flawed. Cantor’s theorem is asserted as either a mathematical or a metaphysical truth. If it is asserted to be a mathematical truth, then the assertion is at the very least ambiguous or incomplete since Cantor’s theorem is valid in some mathematical theories and not in others. The attempted disproof of God’s omniscience is therefore meta-mathematically inadequate insofar as it fails to take into account wellknown mathematical contexts in which Cantor’s theorem does not hold. More seriously, the disproof fails to acknowledge standard meta-mathematical conceptions which can, by analogy, be used to establish the relative consistency of certain theistic positions. If, on the other hand, ‘Cantor’s theorem’ is supposed to refer to a metaphysical truth, then the atheistic argument begs the question. The metaphysical assertions about a set of all truths in the atheistic argument actually imply that Cantor’s theorem is inapplicable to a set of all truths. Grim position is, moreover, ultimately philosophically untenable since the conclusions he want to draw from the “Cantorian” arguments--such as that “there is no set of all truths”, “any proposition which entails that there is a set of all truths is false”, “nothing instantiates an incoherent concept,” and “there is no God”--cannot be asserted from the philosophical position in which he is forced to take refuge. In the final section we will show that the above Cantorian argument is also historically uninformed since resources for answering the atheistic appropriation of Cantor’s arguments are contained in Cantor’s own writings about his philosophy of the infinite and its relation to theology. Section 5. CANTOR’S THEOLOGY OF ABSOLUTE INFINITY. In a letter to Dedekind dated August 31, 1899, Cantor himself proposed a Cantorian argument to prove the inconsistency of the notion of a ‘system S of all thinkable classes’. Cantor, of course, did not see such arguments as obstacles to theistic belief. On the contrary, Cantor saw them as evidence of the truth of his mathematical theory of the Transfinite precisely because they comported well with his theology of Absolute infinity. Cantor’s philosophy of the infinite superseded that of his philosophical predecessors in at least two respects. In order to dispense with certain paradoxes involving completed infinities, Aristotle had distinguished between the potential and the actual infinite. Adopting Aristotle’s distinction and assuming the theological premises that only God is actually and absolutely infinite and that it is impossible to study God’s essence mathematically, Aquinas concluded that mathematicians could only study the potentially infinite [Summa Theologica, Part I, Question 7)]. Cantor’s mathematical theory of the infinite, however, allowed him to transcend these philosophical limitations. Within the category of the actual infinite Cantor introduced a distinction between (a) the increasable actual infinite or transfinite and (b) the unincreasable or Absolute actual infinite. Of the former category, Cantor wrote:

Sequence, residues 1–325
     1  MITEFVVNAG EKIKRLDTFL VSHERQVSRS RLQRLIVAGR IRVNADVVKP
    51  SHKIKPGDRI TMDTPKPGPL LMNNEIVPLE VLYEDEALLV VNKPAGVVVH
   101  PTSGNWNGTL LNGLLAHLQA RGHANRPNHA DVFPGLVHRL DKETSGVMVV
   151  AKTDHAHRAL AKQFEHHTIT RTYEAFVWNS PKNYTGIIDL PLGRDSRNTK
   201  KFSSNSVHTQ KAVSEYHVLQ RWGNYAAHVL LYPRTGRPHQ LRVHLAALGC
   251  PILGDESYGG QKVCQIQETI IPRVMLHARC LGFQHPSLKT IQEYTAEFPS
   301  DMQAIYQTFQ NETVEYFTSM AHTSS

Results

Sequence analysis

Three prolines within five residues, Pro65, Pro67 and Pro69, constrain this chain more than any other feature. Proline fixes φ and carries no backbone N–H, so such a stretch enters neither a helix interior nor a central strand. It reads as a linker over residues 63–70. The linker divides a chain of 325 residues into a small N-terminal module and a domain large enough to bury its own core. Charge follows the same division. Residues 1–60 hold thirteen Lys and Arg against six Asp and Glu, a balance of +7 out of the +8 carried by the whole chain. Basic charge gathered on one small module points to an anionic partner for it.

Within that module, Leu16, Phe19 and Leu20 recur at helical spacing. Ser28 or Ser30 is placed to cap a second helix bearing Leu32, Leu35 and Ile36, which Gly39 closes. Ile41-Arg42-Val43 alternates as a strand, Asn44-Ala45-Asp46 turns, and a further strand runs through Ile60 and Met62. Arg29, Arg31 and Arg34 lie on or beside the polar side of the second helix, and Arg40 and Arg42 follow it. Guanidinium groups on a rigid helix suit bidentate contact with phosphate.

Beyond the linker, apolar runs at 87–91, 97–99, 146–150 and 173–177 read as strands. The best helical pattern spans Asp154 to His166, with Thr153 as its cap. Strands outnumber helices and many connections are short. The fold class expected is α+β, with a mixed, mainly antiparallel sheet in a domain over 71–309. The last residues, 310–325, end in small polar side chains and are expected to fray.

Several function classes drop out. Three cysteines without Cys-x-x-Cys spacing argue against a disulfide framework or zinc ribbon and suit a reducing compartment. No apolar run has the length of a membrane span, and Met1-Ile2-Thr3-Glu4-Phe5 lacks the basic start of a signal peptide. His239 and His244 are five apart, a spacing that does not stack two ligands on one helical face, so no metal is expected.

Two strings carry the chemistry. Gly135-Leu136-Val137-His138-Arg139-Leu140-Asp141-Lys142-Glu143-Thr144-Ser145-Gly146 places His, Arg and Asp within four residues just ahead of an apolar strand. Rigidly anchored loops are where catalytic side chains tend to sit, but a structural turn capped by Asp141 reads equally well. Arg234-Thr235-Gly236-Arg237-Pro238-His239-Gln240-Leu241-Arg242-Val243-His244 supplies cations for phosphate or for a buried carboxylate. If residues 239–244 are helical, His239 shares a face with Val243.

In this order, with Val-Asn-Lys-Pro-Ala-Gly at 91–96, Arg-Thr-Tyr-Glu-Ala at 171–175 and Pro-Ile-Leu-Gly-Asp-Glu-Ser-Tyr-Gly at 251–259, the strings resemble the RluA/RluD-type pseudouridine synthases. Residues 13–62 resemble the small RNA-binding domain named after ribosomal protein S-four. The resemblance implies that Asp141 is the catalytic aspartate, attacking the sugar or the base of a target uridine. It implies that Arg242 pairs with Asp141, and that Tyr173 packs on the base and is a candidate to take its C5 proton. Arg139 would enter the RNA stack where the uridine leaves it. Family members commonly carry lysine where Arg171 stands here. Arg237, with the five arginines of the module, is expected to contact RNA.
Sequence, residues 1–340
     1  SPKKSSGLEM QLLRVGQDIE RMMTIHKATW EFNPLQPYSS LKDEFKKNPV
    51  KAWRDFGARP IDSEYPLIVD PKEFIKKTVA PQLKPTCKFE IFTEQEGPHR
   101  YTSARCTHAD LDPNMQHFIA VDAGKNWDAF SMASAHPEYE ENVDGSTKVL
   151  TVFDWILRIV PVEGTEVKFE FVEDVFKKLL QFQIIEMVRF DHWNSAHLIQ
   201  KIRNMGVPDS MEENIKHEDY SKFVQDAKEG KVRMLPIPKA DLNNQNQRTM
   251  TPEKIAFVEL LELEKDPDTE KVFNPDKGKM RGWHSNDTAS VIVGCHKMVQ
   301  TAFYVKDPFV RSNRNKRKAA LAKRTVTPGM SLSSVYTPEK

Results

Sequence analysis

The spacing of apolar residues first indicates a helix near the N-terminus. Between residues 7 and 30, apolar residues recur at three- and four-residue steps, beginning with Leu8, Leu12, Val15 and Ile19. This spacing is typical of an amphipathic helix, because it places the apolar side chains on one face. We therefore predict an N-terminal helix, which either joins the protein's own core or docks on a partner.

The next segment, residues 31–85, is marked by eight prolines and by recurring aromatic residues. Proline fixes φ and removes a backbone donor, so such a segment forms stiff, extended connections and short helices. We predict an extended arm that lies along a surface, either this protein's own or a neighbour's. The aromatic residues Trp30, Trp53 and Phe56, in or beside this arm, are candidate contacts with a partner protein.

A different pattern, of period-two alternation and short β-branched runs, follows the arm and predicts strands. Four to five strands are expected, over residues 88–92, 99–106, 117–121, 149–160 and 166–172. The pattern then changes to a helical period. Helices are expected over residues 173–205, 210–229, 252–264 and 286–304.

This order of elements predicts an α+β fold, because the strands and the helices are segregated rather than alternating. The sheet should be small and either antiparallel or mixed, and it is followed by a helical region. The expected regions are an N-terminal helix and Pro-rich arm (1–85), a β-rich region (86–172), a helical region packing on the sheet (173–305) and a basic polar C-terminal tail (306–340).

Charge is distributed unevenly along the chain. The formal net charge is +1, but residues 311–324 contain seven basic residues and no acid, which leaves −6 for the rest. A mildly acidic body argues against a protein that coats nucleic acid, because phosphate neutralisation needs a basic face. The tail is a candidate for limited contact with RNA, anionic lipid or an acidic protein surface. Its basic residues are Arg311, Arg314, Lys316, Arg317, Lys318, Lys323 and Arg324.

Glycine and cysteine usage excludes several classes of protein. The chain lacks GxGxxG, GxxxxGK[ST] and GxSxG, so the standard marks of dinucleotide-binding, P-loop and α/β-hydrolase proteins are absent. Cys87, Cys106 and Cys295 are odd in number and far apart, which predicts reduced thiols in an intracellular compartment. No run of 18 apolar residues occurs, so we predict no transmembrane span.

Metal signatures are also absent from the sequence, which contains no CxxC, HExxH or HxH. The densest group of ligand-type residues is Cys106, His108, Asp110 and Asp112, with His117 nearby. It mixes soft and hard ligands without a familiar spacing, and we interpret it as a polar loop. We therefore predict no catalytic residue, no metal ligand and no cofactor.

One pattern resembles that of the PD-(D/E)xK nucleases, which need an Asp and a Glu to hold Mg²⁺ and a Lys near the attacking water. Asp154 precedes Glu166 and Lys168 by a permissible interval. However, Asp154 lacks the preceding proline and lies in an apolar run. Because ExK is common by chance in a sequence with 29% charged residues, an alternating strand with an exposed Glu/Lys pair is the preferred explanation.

In particular, there are transfinite cardinal numbers and transfinite ordinal types which, just as much as the finite numbers and forms, possess a definite mathematical uniformity, discoverable by men. All these modes of the transfinite have existed from eternity as ideas in the Divine intellect. In a remarkable passage from a letter written as early as 1883, Cantor wrote the following about the latter category of the Absolute infinite: The Absolute can only be recognized, and never known, not even approximately.... The absolutely infinite sequence of numbers therefore seems to me in a certain sense a suitable symbol of the Absolute. Given his distinction, Cantor could argue, contrary to Aquinas, that mathematicians could properly study actual transfinite infinities and still agree with Aquinas that the study of the Absolute infinite was beyond mere human comprehension. Given Cantor’s intuitive distinction between actual transfinite infinities and Absolute infinity, it is understandable why he was not more disturbed by the paradoxes. The Burali-Forti paradox concerning the existence of a set of all ordinals was first published by Burali-Forti in 1897, but Cantor had in fact already anticipated the problem by 1895. The ordinals are obtained by extending the sequence of natural numbers in such a way that the stages of the set-theoretical hierarchy are identified with sets. According to Cantor’s conception, the class of all ordinals is clearly too large to be assigned any definitive cardinal number within the set-theoretical hierarchy and so the class of ordinals forms an absolutely infinite multiplicity. Cantor proposed to avoid the Burali-Forti paradox by treating the collection of all ordinal numbers as an “inconsistent multiplicity”, which he explained in a letter to Dedekind as follows: A collection [Vielheit] can be so constituted that the assumption of a ‘unification’ of all its elements into a whole leads to a contradiction, so that it is impossible to conceive of the collection as a unity, as a ‘completed object’. Such collections I call absolute infinite or inconsistent collections. Cantor’s distinction between consistent and inconsistent multiplicities gave him, in effect, a set/proper class distinction which enabled him to deal with the set-theoretical paradoxes. From this perspective, we can perhaps see why Cantor remarked that the absolutely infinite class of all ordinals is “an appropriate symbol of the Absolute”. Cantorian views about the nature of Absolute infinity find intriguing mathematical support in the postulation of large cardinal axioms by contemporary set theorists. The axiom of inaccessible cardinals was first suggested by Ernst Zermelo in 1930, formulated by Alfred Tarski in 1938, and defended by Kurt Gödel in 1947. An uncountable cardinal l is strongly inaccessible if and only if (i) for all cardinals a<